More Manufacturing Efforts Shift to the U.S. as Reshoring Continues
Who are some of these major industry leaders and what are their latest efforts in reshoring operations in the United States?
Reshoring, or moving manufacturing efforts back into the United States, continues to be a popular move for new or expanding companies in industry. Earlier this summer, Taiwan Semiconductor Manufacturing Company (TSMC) announced plans to move a new semiconductor plant from Taiwan into Arizona. TSMC isn't the only company leading these efforts. Recently, Intel announced a 3.5 billion USD expansion to their manufacturing facility in Rio Rancho, New Mexico.
Reshoring efforts in the U.S. continue as Kawasaki opens a new robotics facility, JMA and Ericsson manufacture 5G devices in the U.S., and the U.S. Government pours more money into biopharmaceutical manufacturing efforts. This article will discuss their efforts and what the companies hope to gain with their latest funding and expansions.
Kawasaki Robotics Breaks Ground on New Robotic Facility
Kawasaki Robotics recently broke ground for a new addition to their Wixom, MI, facility. The company has been building automation robotics since 1968 but established its United States presence in 1990.
Kawasaki Robotics executives breaking ground for a new facility in Michigan. Image used courtesy of Kawasaki Robotics
Kawasaki Robotics' systems have been used for machine tending, welding, painting, sealing, materials handling, and removal applications. Their robots have served semiconductor, plastics, rubber, aerospace, food and beverage, and numerous other industries.
By expanding their facility in the United States, they are recognizing a need to expand the market for automation in the United States. This expansion is co-located with their training center, and they hope to establish Wixom as the automation hub of the region and bring more robotic efforts to U.S. manufacturing.
JMA Wireless Joins Ericsson to Develop 5G Products in the U.S.
Another company that is reshoring is JMA Wireless. JMA Wireless joins Ericsson and COMSovereign in developing and manufacturing 5G products in the United States. Based out of Syracuse, NY, JMA Wireless is aiming to be the lead supplier of domestically-produced 5G devices.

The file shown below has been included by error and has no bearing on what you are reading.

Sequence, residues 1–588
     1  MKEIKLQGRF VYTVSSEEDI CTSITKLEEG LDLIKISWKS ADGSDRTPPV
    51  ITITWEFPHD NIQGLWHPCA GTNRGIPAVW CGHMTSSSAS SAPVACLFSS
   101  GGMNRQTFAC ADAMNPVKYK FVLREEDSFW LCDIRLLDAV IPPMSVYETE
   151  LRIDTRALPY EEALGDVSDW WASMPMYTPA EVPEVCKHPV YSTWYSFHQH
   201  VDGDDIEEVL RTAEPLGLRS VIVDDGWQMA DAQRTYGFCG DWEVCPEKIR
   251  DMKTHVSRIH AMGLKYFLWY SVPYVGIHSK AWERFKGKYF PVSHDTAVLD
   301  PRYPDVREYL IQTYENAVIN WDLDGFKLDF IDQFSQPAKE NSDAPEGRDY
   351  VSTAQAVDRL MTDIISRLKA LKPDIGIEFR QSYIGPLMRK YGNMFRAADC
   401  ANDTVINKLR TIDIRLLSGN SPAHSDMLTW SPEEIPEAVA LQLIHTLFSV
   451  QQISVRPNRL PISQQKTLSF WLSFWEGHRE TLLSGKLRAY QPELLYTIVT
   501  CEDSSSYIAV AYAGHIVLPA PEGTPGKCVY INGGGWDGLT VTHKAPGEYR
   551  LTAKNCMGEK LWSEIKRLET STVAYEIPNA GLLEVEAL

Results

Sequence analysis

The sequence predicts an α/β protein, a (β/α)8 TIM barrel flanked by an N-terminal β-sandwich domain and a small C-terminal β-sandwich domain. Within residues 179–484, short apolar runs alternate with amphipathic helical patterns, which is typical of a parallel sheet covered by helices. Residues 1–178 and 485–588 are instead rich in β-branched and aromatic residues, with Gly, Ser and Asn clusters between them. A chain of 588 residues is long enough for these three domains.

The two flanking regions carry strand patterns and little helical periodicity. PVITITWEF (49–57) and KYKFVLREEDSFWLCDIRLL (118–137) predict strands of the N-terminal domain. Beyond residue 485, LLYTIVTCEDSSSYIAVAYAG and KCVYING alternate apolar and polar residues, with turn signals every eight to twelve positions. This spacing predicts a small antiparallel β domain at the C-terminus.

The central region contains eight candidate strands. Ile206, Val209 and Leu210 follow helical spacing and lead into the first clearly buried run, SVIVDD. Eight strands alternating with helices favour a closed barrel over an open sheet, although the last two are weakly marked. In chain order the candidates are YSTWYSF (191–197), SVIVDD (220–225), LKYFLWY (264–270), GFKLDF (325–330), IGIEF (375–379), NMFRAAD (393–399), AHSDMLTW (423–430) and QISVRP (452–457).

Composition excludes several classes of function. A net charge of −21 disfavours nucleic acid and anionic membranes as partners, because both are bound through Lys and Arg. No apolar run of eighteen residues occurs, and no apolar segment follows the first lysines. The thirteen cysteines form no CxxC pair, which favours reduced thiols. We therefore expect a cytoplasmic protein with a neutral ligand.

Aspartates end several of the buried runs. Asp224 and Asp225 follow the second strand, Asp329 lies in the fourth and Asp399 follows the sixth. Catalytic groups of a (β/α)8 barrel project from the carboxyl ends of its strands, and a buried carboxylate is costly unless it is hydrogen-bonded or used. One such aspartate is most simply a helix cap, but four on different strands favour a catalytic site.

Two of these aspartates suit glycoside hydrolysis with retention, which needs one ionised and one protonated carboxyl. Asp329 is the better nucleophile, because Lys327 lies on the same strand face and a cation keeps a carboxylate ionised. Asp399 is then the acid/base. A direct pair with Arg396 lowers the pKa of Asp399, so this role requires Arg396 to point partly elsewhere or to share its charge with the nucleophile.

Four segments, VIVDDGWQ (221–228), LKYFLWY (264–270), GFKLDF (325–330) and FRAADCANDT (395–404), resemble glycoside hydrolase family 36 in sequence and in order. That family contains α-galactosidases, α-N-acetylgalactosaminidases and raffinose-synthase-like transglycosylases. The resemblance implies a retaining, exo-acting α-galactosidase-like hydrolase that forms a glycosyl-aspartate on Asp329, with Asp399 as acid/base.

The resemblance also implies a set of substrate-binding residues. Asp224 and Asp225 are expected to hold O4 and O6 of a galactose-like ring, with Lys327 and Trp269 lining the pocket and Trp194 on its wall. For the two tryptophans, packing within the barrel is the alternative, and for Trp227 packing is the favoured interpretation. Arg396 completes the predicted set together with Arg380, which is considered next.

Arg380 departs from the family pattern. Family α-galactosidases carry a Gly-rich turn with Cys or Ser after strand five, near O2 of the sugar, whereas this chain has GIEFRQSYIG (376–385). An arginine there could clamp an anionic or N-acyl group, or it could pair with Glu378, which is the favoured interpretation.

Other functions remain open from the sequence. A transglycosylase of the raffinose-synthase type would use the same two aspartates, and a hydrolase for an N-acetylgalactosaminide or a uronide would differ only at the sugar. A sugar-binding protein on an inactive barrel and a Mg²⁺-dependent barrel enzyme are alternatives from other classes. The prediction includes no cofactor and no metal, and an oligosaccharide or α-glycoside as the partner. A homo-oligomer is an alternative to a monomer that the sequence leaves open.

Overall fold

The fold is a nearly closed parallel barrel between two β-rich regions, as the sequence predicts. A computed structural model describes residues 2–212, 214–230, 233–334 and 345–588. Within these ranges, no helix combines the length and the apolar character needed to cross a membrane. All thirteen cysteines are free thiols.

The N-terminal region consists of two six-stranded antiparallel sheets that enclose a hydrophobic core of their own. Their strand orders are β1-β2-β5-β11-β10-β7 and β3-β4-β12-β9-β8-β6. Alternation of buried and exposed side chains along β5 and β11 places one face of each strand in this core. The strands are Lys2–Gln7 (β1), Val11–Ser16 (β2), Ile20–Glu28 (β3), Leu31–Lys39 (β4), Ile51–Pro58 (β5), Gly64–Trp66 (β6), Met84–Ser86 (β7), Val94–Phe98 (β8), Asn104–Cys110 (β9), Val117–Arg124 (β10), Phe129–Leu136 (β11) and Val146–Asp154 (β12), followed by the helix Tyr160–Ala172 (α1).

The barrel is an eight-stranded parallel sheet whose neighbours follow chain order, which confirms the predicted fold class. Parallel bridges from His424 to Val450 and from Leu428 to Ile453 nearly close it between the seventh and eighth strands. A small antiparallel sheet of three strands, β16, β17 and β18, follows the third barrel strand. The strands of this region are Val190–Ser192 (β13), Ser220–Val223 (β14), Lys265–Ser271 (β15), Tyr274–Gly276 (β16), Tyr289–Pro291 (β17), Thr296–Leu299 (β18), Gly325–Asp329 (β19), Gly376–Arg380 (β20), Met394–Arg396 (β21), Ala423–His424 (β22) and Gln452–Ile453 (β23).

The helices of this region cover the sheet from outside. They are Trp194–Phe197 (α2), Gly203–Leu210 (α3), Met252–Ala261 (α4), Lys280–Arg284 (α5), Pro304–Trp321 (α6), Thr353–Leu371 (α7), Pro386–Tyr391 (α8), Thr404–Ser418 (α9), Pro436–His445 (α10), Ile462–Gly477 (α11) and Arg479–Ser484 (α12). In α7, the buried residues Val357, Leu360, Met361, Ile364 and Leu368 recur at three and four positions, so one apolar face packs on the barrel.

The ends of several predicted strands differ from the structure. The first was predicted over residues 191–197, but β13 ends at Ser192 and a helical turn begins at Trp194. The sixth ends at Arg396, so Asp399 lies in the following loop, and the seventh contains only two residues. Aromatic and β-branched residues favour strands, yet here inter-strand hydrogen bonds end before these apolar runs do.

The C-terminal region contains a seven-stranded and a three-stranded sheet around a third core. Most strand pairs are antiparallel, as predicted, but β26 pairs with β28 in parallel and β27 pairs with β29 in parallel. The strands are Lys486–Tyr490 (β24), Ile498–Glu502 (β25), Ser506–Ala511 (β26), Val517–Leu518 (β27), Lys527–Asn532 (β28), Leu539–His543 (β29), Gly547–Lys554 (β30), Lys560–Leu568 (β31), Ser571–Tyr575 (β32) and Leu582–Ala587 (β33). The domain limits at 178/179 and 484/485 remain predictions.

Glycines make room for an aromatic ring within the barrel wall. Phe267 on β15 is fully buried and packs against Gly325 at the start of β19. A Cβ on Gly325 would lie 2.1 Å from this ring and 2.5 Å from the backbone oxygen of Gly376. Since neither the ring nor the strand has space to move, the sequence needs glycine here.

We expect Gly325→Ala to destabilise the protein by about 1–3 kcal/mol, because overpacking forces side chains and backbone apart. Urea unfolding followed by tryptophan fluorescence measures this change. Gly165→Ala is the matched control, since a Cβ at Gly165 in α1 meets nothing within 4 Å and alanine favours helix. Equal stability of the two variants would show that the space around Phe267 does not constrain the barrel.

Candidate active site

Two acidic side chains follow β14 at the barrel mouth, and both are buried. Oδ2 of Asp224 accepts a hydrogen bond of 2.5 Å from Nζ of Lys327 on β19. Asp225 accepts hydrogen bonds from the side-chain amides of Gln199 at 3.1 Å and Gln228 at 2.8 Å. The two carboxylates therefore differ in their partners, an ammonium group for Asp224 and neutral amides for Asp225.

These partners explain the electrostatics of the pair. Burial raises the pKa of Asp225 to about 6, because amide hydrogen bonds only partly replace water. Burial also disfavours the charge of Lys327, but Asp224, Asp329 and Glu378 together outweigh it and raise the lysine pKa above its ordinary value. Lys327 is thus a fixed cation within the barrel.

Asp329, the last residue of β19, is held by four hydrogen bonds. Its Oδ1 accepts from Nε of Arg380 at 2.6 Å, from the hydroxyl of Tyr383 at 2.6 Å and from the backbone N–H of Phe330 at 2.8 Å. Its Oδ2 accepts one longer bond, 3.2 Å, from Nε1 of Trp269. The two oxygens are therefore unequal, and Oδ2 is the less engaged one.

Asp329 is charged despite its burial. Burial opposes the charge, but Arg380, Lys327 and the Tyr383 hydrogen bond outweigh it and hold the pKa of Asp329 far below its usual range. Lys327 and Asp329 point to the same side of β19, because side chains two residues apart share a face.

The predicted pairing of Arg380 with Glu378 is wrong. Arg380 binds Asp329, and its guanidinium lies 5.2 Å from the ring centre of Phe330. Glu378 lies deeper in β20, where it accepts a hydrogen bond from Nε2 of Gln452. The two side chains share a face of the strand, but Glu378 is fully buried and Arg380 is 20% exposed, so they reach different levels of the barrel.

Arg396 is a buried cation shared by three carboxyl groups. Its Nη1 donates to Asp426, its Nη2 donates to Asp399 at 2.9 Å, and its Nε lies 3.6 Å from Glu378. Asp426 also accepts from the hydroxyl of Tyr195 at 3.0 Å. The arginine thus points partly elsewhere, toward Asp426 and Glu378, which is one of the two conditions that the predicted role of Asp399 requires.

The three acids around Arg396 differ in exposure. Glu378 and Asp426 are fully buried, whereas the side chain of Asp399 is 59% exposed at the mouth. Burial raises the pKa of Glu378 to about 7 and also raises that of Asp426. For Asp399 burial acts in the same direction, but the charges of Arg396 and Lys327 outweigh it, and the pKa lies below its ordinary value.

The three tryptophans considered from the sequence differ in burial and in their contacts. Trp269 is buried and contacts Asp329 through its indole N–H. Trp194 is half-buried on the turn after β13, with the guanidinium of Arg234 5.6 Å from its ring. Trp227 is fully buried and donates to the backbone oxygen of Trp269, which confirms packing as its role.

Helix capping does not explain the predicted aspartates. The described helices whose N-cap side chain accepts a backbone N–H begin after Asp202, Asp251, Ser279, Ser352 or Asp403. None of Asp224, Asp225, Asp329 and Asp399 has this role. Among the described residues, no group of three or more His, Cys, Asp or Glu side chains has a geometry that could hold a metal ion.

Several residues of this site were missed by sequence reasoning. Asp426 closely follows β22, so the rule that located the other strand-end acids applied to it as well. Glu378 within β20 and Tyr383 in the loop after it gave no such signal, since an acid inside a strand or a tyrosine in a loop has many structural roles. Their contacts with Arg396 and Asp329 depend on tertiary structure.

A 5G module in an industrial facility.
"It's been almost two decades since the U.S. had a wireless champion in terms of network infrastructure," mentioned Bill Plummer, JMA's SVP of communications and external affairs.
JMA Wireless just completed the construction and design of a large manufacturing center in Syracuse to produce the 5G devices. The need for domestically-produced 5G devices is expected to increase as the U.S. Military begins using these devices in their tactical equipment. For security reasons, these devices will need to be manufactured in the United States rather than imported. JMA specializes in network security and 5G radio transmitters specifically designed for indoor use, both of which are technically challenging.
More Funding Towards Biopharmaceutical Manufacturing
While private industry has taken notice of the advantages in reshoring, so has the United States Government. Recently, the U.S. Department of Commerce's National Institute for Standards and Technology (NIST) has made 153 million USD available for developing biopharmaceutical manufacturing in the United States.
The U.S. Secretary of Commerce, Gina Raimondo, announced at the annual meeting of the National Institute for Innovation in Manufacturing Biopharmaceuticals (NIIMBL). Of the 153 million, 83 million comes from the American Rescue Plan, and are geared towards mitigating and preventing the spread of infectious diseases, such as COVID-19.
Pharmaceutical manufacturing equipment being used in a facility.
NIIMBL is a public-private partnership between government and pharmaceutical companies to produce vaccines, treatments, and gene therapies. Raimondo also stated, "I am so pleased that NIIMBL will continue to bring together organizations of all types to help strengthen our nation through better pandemic preparedness and a more agile manufacturing industry."
During the COVID-19 pandemic, research, development, and manufacturing produced a vaccine in record time. The funding received by NIIMBL is designed to make this a sustainable process rather than a one-time emergency run. By doing so, hopefully, any potential future pandemics will be met by an industry with the expertise and capacity to develop and produce treatments quickly.
Overall, various manufacturing companies are finding unique advantages in terms of workforce, market, and available funding when they reshore to the United States. As the U.S. recovers from the pandemic and the population returns to work, it's likely that new markets and more skilled labor will be brought to these industries.
Where do you see reshoring going in the next several years? Is your company planning to bring operations to the U.S.?